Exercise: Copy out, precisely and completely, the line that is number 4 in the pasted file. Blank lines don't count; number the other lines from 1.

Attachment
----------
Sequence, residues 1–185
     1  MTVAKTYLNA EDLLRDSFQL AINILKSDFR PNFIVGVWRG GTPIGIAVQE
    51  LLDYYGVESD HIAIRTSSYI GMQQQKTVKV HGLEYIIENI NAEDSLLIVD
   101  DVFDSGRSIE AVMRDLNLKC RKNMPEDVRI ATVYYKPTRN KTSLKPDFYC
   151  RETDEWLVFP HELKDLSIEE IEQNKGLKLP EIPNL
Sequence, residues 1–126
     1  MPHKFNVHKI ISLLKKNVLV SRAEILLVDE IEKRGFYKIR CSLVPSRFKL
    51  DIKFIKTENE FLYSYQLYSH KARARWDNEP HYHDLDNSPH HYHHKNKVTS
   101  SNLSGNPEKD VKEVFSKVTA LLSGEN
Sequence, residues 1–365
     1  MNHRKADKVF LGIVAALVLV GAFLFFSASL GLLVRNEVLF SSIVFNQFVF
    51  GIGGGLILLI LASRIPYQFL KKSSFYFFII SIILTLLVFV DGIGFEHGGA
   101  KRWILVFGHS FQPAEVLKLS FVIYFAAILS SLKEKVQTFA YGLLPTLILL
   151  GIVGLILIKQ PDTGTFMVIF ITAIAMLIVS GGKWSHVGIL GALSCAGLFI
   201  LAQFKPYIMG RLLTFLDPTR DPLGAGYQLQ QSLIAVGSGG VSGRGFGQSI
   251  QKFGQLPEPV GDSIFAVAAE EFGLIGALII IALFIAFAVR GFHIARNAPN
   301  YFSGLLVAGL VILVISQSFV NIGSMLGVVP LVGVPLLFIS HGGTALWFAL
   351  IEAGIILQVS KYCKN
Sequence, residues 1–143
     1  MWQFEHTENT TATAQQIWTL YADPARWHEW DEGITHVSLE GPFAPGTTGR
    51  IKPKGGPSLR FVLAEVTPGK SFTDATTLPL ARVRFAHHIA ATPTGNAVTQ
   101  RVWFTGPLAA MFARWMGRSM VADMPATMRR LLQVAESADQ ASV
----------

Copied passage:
   101  DVFDSGRSIE AVMRDLNLKC RKNMPEDVRI ATVYYKPTRN KTSLKPDFYC